Managing Medications & Staying Healthy

Aspirin, eye drops for glaucoma, antibiotic capsules and vitamin pills. What do they all have in common? Actually, they’re all drugs. Chances are if you’re over the age of 65, you’re taking one or more medications. Seniors take more prescription and over-the-counter medications than any other age group. So, let’s make sure we’re taking our medications and prescriptions properly and safely!

The Facts:

A medicine or “drug” is any substance used to treat a disease or improve health. Medications can be prescribed by a doctor and filled by a pharmacist. Or you can buy over-the-counter medications without a prescription. Sometimes, if your parent or loved one has several illnesses, medication management often seems like a fulltime job.

Yes, there can be side effects. And they can often be serious. While medications keep older people healthy, if they aren’t taken correctly or are combined with other prescription or nonprescription medicines or alcohol, a person could be in real danger.

The Doctor’s Role:

At least once a year, schedule an appointment with your loved one’s primary care physician. Be sure to bring along a bag filled with all the medications your parent takes. While you’re at the office, here are a few things to keep in mind.

  • Review the instructions for taking the prescriptions
  • Ask if a generic equivalent of the drug is available
  • Ask if it’s okay for them to drink alcohol while on the medication
  • Write down all the information
  • Don’t hesitate to call the doctor with questions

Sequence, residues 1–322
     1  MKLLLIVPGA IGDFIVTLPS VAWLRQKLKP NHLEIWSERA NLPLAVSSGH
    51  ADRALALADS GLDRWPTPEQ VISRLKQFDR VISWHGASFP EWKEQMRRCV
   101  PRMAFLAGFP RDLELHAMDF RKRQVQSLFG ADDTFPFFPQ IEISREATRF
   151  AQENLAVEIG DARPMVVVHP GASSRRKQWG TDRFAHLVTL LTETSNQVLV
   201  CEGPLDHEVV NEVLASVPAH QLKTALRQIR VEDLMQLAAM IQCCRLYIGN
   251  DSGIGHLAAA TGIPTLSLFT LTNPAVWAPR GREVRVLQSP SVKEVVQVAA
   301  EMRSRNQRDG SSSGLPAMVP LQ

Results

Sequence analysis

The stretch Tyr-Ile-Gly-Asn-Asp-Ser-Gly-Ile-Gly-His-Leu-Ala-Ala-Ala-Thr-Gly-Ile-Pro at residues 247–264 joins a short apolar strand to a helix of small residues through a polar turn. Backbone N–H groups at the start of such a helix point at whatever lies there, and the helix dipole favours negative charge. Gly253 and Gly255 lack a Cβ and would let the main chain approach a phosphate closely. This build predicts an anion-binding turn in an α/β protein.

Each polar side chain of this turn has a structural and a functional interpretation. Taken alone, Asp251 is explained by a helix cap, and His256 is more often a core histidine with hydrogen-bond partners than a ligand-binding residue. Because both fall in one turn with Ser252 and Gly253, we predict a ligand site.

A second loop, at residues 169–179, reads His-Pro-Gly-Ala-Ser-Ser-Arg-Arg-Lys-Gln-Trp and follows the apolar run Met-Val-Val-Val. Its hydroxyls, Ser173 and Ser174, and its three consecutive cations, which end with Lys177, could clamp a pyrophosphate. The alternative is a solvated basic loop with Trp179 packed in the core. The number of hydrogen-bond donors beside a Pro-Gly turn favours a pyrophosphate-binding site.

The Pharmacist’s Role:

The pharmacist is your friend! They can help you and your loved one learn how to take prescribed medications, understand how they will improve his or her health, and recognize possible side effects! Things to keep in mind:

  • Get all of your loved one’s prescriptions filled at the same pharmacy
  • The pharmacist can answer questions about food and drug interactions
  • Ask about possible side effects
  • Ask when and how prescriptions should be taken
  • Take advantage of the pharmacy’s online refill option and email alerts

Leftover or outdated medications? Take the right steps to dispose of them safely. Don’t flush unused prescription drugs down the toilet or sink unless the label on the medicine says you should. You can also contact your city or county government to find out if your community has a program for collecting and disposing unused medications. If there’s no program like that, visit the Food & Drug Administration website for tips.

Make the most of your medicines! It’s time to develop a game plan for taking medications every day. Have an extra egg carton? Use it to organize a day’s worth of medications. You can also purchase pill organizers while you’re at the pharmacy. Love watching TV? Schedule your parent’s medications around their favorite show or at mealtime.

We’re here to help. Remember, you’re not alone. At our CarDon communities throughout the Midwest, our providers can help your loved one with any medication and prescription questions. Visit Cardon.us today!